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This report is taken from PN Review 41, Volume 11 Number 3, January - February 1985.

Inky Parrot Press Steven Tuohy

[This is the first in an occasional series by Steven Tuohy assessing the work of some of the fine-edition presses.]


Children's illustrated bookmaking, always one of the most imaginative areas of post-War British book design, is currently enjoying an extraordinary renaissance. The productions of the now four-year-old INKY PARROT PRESS, though mostly books intended for adults, are very much an expression of that renaissance. Short, fully-illustrated texts, including both 'classical' and original work, are treated to large formats and type sizes in books which seem to revel in the variety of illustrative and graphic-reproductive techniques they employ. The result is readability combined with an often immense visual excitement, while good quality papers ensure considerable tactile appeal. Inevitably, however, the more directly childhood-related material in the list comes off best. The production of Jan Mark's two genre-parodies Childemas & Mr and Mrs Johnson (illustrated by Olive King) is especially interesting, the ambiguities of the text finding an exact echo in those of the illustrated book's specific form.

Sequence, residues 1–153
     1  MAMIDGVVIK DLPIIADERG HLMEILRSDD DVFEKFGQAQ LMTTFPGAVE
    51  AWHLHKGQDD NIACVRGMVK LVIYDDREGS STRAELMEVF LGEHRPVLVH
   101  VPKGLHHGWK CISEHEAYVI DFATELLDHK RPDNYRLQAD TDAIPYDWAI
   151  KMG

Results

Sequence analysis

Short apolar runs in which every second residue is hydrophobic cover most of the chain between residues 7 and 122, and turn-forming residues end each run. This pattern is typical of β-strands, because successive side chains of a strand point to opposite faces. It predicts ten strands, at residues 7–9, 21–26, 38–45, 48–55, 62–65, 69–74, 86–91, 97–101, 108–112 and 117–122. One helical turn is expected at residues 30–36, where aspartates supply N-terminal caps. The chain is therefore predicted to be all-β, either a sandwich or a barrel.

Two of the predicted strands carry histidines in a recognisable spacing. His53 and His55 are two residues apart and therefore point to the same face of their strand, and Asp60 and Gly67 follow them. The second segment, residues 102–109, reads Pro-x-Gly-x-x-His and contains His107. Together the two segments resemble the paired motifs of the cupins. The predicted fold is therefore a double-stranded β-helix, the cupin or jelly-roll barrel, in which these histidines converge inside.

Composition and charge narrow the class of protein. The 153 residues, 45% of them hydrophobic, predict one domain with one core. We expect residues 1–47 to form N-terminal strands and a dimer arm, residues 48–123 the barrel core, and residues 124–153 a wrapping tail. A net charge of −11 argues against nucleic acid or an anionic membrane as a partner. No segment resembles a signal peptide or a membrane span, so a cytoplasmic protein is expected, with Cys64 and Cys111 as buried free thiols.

It must be said, however, that the Press's standards of manufacture, though high, are hardly impeccable. There is evidence in a number of Inky Parrot books that rather more care has been taken on the illustrations than on the text. In the case of C.H.Sisson's Night Thoughts this is particularly unfortunate, since the fortuitously 'bold' image of page 12, the result of an over-developed negative, conspires with the broad masses of colour in the accompanying lino-cuts to ...


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